Third–We are marketing SMPS and the value of marketing. In general, marketing seems underappreciated. We are communicating the value of marketing, defining the terms marketing and business development for the A/E/C industries, and showing how marketing positively impacts firm performance.
To provide context on what considerations we made in our rebrand, we want to point out a few factors that went into our decision:

Member Research

In 2016, SMPS engaged a research firm to identify perspectives, opinions, needs, and desires of our members. All members were invited to participate, and hundreds did so through surveys and focus groups. The feedback that SMPS received in the surveys was integral to the decisions about how we wanted to represent our membership, products, services, programs, and events in the “look and feel” of the brand. The goal of our new brand identity, and all its components, is to reflect a need to be current and relevant to our various audiences.


In late 2016, SMPS formally adopted its new vision statement: Business Transformed Through Marketing Leadership. The objective is to motivate people to rally together to create a role for all marketers to become vital dynamic members of the A/E/C industries who not only support, but lead the growth of our companies.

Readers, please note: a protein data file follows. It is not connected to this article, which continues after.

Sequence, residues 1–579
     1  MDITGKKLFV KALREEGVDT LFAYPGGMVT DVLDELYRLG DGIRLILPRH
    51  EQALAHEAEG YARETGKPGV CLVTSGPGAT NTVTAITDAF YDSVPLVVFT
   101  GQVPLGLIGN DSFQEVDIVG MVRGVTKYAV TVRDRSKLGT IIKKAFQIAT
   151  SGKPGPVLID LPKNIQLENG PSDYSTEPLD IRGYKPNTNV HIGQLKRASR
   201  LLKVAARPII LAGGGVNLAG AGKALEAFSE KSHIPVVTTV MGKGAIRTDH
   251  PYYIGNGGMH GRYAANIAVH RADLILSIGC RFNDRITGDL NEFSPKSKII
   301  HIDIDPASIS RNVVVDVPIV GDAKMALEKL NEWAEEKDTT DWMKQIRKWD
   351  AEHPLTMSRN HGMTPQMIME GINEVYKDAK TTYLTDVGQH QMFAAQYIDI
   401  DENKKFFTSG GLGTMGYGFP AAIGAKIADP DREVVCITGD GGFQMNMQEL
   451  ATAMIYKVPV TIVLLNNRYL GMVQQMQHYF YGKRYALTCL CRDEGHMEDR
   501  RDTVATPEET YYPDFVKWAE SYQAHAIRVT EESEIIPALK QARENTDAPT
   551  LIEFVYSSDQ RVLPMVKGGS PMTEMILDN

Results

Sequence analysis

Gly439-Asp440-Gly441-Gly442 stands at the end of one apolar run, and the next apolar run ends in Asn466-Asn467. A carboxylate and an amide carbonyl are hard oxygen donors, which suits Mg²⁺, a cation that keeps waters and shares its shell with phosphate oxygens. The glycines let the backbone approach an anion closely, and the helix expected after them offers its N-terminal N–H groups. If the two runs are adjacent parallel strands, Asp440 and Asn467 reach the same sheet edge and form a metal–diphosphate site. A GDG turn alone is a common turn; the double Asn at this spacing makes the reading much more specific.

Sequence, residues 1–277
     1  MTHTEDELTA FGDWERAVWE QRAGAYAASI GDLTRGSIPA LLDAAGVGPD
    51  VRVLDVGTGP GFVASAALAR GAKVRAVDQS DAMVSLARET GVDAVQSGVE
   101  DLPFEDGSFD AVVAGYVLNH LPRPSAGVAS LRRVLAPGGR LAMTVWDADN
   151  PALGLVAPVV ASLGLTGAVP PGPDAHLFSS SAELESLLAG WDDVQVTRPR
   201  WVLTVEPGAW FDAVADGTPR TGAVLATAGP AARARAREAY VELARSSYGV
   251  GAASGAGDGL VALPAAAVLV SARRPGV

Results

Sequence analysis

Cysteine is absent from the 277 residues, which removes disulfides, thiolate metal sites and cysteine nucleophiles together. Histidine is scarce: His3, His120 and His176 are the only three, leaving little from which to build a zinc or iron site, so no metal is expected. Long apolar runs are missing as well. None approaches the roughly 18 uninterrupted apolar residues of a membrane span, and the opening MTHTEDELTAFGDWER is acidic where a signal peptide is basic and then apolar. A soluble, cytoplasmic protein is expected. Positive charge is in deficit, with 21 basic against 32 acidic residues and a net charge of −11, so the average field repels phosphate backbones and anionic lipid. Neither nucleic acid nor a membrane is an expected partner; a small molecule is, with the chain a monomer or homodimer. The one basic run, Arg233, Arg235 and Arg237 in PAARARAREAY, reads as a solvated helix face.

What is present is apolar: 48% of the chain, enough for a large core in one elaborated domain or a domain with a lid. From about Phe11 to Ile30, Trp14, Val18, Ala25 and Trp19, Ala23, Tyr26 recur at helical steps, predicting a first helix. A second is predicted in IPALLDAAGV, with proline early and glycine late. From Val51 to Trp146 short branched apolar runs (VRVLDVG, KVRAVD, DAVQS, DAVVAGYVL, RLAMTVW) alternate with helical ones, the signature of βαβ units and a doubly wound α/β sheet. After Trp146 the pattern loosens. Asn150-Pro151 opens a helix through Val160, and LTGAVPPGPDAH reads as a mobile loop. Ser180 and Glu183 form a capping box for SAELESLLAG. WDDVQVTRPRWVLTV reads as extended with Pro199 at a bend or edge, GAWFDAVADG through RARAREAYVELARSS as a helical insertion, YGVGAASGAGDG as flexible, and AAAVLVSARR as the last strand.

During the rebranding process, SMPS went through the same efforts of testing multiple visual treatments, tweaking the messaging—the brand voice—over and over, as well as updating the website.

In late 2016, SMPS formally adopted its new vision statement: Business Transformed Through Marketing Leadership. The objective is to motivate people to rally together to create a role for all marketers to become vital dynamic members of the A/E/C industries who not only support, but lead the growth of our companies.

Brand Identity

SMPS wanted to “lead the charge” in the new brand identity, which was more than just a new logo. SMPS strives to position itself at the center of the business growth of our members’ firms, which is exactly what our members are doing as marketers and business developers: Driving the business on behalf of their firms and “leading the charge.”

The new SMPS brand voice is bold, focused, and motivating. The messaging evokes community, inspires confidence, and communicates a clear path for the future.